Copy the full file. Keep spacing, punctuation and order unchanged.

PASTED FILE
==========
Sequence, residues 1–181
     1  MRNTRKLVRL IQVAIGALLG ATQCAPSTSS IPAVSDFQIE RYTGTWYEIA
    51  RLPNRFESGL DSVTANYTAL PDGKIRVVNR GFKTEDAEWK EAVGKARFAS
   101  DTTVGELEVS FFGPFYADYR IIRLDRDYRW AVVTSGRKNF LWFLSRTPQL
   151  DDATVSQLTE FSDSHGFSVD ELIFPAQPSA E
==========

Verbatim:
Sequence, residues 1–181
     1  MRNTRKLVRL IQVAIGALLG ATQCAPSTSS IPAVSDFQIE RYTGTWYEIA
    51  RLPNRFESGL DSVTANYTAL PDGKIRVVNR GFKTEDAEWK EAVGKARFAS
   101  DTTVGELEVS FFGPFYADYR IIRLDRDYRW AVVTSGRKNF LWFLSRTPQL
   151  DDATVSQLTE FSDSHGFSVD ELIFPAQPSA E